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Chances are that if you own a home or have children, you have considered looking into or establishing an estate plan and a living trust. Knowing where to start, what type of trust you need, and controlling cost can be challenging. Below is a simple breakdown of the differences between an estate plan and trust as well as the different types of trusts available depending on your individual situation.
What is an estate plan?
An estate plan is created to take care of your family, properties, and any other obligations should you pass away. It includes all of your assets and how you want them handled. If a proper estate plan isn’t developed, your beneficiaries may be subject to the probate process. Probate is a court-supervised proceeding that your loved ones will go through in order to transfer the assets to their heirs. In California, this can take one to two years to complete, is public making the estate easy to contest, and can be expensive as 4-8% of the gross value comprises estate. By creating a proper estate plan, you can avoid unnecessary delays and costs associated with the probate process.
What is a trust?
A trust is an estate-planning tool used to avoid the delays and costs associated with the probate process. An individual will typically work with an attorney or professional estate planner to create a trust agreement. Upon creating the trust, the individual transfers title or ownership of their assets to be held under the trust.
Types of trusts
Revocable living trust
A revocable living trust provides instructions on how you wish your estate is distributed upon your death. It avoids probate and allows for the administration and distribution of the estate without court supervision. It can also be changed or amended at any time during the life of the Creator(s).
Irrevocable living trust
An irrevocable trust is a type of trust that cannot be changed or modified after it is created without obtaining a court order. It is appropriate if the estate value is higher than the federal tax exemption which is currently $11.7 million for each unmarried person and $23.4 million for married couples.
Asset protection trust
If you have accumulated large investment accounts or wealth and would like additional protection from future creditors, an asset protection trust may be appropriate. These types of trusts are structured so that they are irrevocable for a certain amount of years and the current trustor is not able to access the assets during this time.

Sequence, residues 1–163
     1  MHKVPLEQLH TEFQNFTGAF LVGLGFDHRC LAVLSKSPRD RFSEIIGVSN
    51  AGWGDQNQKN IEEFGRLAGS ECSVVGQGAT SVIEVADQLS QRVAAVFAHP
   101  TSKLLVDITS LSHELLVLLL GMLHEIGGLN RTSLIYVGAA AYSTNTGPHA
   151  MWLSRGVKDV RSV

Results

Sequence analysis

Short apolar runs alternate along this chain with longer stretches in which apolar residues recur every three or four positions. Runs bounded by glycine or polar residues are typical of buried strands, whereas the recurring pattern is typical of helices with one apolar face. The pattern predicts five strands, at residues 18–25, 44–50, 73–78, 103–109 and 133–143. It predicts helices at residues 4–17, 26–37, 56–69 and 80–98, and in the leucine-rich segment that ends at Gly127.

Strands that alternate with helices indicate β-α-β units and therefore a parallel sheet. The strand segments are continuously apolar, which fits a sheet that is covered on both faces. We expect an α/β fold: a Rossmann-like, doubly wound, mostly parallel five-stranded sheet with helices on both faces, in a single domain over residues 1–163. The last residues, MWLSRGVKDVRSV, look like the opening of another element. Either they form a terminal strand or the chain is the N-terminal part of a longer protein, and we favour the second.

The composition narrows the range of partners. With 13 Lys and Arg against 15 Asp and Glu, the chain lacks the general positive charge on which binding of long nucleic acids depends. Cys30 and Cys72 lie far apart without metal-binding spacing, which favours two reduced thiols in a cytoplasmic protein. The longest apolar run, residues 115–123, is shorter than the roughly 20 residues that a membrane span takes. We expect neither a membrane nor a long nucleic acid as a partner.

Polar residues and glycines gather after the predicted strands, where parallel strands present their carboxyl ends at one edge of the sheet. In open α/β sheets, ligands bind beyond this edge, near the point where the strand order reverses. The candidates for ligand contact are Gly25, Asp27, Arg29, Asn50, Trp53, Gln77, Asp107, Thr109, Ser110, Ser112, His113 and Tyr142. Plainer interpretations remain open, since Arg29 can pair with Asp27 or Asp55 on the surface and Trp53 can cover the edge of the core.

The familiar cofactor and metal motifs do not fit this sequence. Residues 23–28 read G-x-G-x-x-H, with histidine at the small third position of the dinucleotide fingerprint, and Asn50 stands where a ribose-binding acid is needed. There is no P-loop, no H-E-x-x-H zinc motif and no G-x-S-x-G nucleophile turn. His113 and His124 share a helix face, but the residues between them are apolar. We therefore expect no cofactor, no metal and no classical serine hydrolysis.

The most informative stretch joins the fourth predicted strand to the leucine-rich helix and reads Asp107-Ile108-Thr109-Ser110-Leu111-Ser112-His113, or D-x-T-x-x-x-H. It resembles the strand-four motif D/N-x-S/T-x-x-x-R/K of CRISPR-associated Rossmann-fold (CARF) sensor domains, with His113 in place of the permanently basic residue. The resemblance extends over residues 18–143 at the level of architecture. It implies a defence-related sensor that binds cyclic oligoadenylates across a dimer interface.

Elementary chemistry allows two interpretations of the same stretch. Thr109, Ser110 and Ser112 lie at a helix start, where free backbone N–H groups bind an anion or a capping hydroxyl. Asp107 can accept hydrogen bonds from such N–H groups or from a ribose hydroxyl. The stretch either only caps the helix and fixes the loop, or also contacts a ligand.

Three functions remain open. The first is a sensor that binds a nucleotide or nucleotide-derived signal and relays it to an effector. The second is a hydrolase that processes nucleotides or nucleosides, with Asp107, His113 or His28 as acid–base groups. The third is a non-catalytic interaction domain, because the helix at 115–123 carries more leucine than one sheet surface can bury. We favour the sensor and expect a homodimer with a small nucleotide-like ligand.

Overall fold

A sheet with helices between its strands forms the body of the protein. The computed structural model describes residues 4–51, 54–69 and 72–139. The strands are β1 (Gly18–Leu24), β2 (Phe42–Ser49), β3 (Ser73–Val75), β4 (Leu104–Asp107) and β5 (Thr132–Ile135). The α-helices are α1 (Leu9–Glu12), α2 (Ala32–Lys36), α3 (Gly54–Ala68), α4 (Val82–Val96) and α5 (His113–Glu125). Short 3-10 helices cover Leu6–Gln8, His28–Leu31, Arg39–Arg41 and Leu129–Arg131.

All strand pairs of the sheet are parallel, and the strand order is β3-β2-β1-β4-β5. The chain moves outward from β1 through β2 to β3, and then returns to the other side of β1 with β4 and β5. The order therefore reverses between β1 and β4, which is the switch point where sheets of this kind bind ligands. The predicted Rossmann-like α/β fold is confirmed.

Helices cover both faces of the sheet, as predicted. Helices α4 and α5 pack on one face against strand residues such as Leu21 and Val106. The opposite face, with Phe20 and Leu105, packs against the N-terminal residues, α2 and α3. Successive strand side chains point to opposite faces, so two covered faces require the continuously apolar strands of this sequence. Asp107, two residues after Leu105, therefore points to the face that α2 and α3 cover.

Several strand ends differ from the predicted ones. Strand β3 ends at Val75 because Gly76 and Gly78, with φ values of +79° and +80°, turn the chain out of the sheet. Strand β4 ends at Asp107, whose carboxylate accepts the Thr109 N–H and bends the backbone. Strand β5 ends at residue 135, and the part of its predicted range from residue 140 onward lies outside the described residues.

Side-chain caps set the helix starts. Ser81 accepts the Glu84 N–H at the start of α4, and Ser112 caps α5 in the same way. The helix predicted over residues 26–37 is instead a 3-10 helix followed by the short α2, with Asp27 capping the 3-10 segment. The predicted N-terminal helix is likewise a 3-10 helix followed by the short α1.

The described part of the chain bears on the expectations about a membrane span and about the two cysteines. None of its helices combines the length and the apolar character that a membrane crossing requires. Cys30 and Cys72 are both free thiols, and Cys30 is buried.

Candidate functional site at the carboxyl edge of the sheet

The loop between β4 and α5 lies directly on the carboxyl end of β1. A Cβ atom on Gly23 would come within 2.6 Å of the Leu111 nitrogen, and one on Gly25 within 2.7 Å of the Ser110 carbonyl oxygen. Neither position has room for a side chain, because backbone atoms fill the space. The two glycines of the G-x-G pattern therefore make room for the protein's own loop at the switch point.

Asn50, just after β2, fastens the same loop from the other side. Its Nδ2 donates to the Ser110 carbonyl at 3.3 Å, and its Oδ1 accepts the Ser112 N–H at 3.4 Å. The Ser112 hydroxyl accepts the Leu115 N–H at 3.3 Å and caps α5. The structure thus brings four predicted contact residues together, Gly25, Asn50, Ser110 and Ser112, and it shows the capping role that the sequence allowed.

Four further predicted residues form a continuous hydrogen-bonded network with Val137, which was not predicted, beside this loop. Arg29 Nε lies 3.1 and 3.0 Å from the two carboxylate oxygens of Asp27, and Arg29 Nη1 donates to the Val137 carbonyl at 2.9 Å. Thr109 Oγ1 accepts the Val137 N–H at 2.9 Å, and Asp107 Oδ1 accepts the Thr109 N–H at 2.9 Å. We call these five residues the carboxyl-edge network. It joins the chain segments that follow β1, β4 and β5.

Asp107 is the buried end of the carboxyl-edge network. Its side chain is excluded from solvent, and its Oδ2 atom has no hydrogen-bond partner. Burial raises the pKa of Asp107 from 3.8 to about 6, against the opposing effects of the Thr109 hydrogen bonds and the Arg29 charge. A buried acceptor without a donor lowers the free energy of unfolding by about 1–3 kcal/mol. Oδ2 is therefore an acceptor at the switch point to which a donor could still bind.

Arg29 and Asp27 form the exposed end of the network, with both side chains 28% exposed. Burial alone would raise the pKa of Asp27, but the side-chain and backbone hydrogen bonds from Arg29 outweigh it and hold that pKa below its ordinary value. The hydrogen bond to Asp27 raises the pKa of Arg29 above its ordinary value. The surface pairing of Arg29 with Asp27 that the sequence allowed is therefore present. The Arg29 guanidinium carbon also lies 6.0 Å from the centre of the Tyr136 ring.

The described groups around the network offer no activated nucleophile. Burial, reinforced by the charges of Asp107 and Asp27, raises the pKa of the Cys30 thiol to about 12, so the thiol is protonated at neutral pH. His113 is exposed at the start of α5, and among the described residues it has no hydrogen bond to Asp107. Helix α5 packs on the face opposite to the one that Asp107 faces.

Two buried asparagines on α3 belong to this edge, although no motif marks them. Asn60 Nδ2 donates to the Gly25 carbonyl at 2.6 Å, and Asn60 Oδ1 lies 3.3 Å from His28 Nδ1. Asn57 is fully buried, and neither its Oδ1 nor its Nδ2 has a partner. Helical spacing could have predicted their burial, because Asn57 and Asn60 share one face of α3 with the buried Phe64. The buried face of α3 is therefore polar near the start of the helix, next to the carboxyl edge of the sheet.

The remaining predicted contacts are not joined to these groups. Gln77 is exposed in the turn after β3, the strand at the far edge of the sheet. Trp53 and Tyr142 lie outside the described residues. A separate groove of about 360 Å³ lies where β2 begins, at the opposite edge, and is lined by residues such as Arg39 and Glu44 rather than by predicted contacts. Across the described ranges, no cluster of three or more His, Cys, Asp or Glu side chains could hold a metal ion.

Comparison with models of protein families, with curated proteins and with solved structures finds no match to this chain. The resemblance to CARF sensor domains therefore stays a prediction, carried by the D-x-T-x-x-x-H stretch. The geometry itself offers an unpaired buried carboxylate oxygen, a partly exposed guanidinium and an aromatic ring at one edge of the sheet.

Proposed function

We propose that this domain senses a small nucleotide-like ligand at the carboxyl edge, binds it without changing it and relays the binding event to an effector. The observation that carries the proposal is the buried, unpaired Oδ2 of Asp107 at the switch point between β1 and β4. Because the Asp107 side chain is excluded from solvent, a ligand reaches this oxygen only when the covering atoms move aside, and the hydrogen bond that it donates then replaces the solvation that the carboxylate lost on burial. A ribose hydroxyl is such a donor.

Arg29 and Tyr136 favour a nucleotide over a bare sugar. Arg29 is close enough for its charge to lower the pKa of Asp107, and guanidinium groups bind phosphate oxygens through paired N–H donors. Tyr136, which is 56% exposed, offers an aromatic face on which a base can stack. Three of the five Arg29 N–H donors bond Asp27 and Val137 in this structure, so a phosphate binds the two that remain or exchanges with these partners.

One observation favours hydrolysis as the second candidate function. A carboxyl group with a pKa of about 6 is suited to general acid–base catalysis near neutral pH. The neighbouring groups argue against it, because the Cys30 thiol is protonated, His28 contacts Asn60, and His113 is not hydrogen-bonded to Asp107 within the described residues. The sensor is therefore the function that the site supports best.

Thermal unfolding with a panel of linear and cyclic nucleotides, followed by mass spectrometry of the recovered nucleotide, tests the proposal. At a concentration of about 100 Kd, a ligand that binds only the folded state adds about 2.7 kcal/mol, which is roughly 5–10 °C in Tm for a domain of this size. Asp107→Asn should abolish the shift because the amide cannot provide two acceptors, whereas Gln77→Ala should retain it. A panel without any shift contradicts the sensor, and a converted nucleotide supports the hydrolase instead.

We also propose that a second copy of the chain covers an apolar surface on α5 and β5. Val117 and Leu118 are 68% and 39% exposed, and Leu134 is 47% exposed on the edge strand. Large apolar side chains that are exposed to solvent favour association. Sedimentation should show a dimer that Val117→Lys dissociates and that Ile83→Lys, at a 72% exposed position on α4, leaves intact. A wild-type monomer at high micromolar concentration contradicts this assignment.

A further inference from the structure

Charitable Remainder Trust
If you would like to structure your trust with philanthropic intent, a charitable remainder trust may be an option for you to consider. This tax-exempt trust distributes income to your beneficiaries for a specified time period and then donates the remainder to the charity of your choice.
Special needs trust
If you care for an individual who receives social security income, then you may want to consider the preparation of a special needs trust. A special needs trust is a legal arrangement that allows for a physically or mentally ill person, or an individual who is chronically disabled, to not be disqualified from receiving public assistance programs due to an inheritance. This is a useful tool to ensure that your beneficiary receives assets to pay for things not covered by government benefits.
Now that you understand the different types of trusts, you can determine which trust or combination of trusts are appropriate, depending on your estate planning goals and value of the estate.
At Pacific Service CU, we’ve teamed up with Affinity Trusts to provide our members with discounted estate planning services prepared by licensed estate planning attorneys, which can include creating or amending a living trust. Schedule a complimentary consultation with an attorney or professional estate planner today!
For more information, visit our website or contact a member service representative today at (888) 858-6878.
Information not intended as legal advice. All information should be confirmed with legal and/or tax experts.